CEOP and Microsoft produce child-friendly browser

Darren Allan

February 9, 2010

Internet Explorer could do with some good publicity, what with all the security problems it has recently been dogged with.

And as if by magic, the web wizards at Microsoft have combined forces with CEOP (the Child Exploitation and Online Protection centre) to produce something positive with the browser. Although not IE6, obviously.

The two organisations have put their heads together to bring forth a kid-friendly custom version of Internet Explorer 8.

The browser has a CEOP panel in the toolbar, enabling users to access instant help and advice on staying safe on the net, as well as the ability to report anything dodgy.

It provides links to advice not only regarding inappropriate behaviour or content, but also issues such as viruses, hacking and cyber-bullying.

The Click Clever, Click Safe version of Internet Explorer 8 is available from the CEOP website at: www.ceop.police.uk/ie8

If you already have IE8, you can download the CEOP button to add to your toolbar.

This measure is part of the EU’s “Safer Internet Day”, which is an “annual event to promote safer and more responsible use of online technology and mobile phones.”






 

Comments in chronological order (2 comments)

  1. John J says:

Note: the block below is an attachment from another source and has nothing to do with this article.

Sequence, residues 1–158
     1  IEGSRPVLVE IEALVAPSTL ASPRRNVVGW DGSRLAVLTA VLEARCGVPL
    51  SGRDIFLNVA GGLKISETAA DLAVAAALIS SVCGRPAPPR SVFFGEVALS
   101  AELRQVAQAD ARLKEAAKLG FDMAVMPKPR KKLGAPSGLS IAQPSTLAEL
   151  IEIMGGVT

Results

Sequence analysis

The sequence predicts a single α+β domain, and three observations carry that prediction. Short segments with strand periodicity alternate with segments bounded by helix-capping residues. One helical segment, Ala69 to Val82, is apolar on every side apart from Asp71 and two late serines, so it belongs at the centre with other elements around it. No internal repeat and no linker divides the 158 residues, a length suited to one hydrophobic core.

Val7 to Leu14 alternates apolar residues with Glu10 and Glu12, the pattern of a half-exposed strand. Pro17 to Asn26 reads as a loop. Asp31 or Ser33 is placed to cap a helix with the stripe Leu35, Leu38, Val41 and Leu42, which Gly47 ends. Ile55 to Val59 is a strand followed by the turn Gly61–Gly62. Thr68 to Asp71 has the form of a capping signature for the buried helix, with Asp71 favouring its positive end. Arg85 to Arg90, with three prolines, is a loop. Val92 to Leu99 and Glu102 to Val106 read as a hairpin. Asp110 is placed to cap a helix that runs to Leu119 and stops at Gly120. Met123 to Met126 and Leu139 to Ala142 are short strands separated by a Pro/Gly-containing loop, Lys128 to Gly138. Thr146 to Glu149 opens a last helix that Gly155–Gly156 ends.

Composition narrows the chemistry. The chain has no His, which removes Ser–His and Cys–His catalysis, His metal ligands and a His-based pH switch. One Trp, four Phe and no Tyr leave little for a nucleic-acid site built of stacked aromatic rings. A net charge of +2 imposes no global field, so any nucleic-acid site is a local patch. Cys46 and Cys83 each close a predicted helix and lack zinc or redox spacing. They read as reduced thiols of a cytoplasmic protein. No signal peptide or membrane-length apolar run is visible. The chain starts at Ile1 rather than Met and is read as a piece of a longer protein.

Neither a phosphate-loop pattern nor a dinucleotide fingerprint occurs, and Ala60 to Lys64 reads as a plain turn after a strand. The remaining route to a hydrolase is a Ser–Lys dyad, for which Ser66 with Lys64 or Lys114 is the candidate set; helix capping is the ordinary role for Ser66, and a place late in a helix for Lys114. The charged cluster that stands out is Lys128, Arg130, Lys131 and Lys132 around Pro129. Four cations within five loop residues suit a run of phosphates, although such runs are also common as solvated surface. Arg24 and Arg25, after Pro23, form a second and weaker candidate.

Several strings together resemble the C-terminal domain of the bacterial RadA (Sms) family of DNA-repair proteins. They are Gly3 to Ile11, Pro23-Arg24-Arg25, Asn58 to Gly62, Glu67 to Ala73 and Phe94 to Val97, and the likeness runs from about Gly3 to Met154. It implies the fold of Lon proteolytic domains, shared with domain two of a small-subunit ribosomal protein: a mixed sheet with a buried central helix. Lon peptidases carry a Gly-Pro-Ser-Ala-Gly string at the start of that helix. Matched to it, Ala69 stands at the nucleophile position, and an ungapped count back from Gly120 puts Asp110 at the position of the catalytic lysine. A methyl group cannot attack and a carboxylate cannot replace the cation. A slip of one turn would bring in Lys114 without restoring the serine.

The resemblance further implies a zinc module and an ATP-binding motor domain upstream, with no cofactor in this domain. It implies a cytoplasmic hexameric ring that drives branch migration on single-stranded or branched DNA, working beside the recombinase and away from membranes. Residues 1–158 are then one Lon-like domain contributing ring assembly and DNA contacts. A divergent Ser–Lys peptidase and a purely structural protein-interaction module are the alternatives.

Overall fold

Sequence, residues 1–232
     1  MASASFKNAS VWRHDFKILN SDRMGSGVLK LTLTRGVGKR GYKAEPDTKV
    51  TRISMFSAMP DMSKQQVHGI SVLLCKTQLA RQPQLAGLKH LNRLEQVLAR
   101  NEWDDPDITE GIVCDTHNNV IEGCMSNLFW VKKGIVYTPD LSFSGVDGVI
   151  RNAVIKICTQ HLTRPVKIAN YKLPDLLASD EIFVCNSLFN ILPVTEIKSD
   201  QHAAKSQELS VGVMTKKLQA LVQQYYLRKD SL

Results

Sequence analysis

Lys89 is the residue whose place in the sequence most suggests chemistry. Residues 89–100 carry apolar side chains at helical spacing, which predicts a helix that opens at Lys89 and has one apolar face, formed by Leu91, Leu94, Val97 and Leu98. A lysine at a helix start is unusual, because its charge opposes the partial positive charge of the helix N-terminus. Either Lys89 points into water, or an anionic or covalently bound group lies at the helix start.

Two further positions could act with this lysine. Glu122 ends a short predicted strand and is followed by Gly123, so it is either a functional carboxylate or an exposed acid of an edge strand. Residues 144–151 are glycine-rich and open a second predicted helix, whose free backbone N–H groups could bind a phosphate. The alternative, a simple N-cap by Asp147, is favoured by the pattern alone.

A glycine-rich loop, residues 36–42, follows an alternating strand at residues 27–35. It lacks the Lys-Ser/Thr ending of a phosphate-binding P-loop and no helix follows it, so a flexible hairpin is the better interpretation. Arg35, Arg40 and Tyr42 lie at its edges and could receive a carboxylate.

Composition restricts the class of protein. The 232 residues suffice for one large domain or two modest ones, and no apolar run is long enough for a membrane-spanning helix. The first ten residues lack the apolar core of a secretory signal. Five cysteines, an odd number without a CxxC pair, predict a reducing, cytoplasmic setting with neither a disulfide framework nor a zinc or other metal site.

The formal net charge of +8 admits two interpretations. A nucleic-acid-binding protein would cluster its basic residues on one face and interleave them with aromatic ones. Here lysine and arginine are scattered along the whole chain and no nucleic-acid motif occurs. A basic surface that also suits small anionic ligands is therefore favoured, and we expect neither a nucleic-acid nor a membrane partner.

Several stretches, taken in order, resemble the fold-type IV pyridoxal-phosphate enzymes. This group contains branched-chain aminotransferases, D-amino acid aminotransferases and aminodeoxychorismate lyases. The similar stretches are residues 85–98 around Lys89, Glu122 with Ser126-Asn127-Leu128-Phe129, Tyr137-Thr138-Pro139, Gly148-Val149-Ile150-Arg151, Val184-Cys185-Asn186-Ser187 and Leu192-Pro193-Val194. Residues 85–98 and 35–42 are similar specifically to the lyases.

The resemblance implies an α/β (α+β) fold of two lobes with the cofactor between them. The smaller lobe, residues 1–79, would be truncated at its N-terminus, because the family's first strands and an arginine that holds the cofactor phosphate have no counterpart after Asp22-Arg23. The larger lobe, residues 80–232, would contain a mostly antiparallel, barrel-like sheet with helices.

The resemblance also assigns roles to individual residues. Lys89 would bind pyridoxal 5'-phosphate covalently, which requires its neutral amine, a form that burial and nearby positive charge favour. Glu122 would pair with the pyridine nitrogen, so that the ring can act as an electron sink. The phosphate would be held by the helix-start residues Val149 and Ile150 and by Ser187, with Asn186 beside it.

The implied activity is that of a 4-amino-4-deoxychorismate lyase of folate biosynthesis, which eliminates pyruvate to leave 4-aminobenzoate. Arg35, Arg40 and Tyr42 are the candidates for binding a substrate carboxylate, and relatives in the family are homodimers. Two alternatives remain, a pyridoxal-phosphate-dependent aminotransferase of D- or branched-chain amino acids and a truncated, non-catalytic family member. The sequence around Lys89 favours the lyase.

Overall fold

This is extremely misleading – it is NOT a child friendly browser, it is IE8 with some pre-loaded links to Ceops. This will give parents the false impression that there is some kind of filter or added child protection in the browser and actually put more kids in danger. Extremely misleading and dangerous marketing.

  2. Rossano Ferraris says:

    Addressing Internet issues directly with children is an excellent initiative, so that they can understand, in a form familiar to them, the perils in the internet jungle.

    However, this campaign is not enough if children are not also supported up by the protection of their parents.

    Parents should consider the campaign as additional support to the education they provide on how to safely use the internet and not as a replacement.

    Parents must understand some Golden Rules to reduce and avoid dangers to their children.
    The following safety tips will help protect your children:

    1. Know your computer – it is important for parents to know how a computer works and how the internet works. A parent should be able to read the history of websites visited in order to block unwanted websites

    2. Avoid isolation of children – though children need their privacy, hours spent alone in a bedroom before a computer are not advisable

    3. Place the computer in an open area – this will make it easier to supervise your child whilst they are online

    4. Schedule time on the Internet

    Additionally we also need to consider that technology, represented by parental control software, could be of help to automate and modulate the daily operations which can be allowed or denied within a computer connected to internet

    Rossano Ferraris, CA ISBU Research Team

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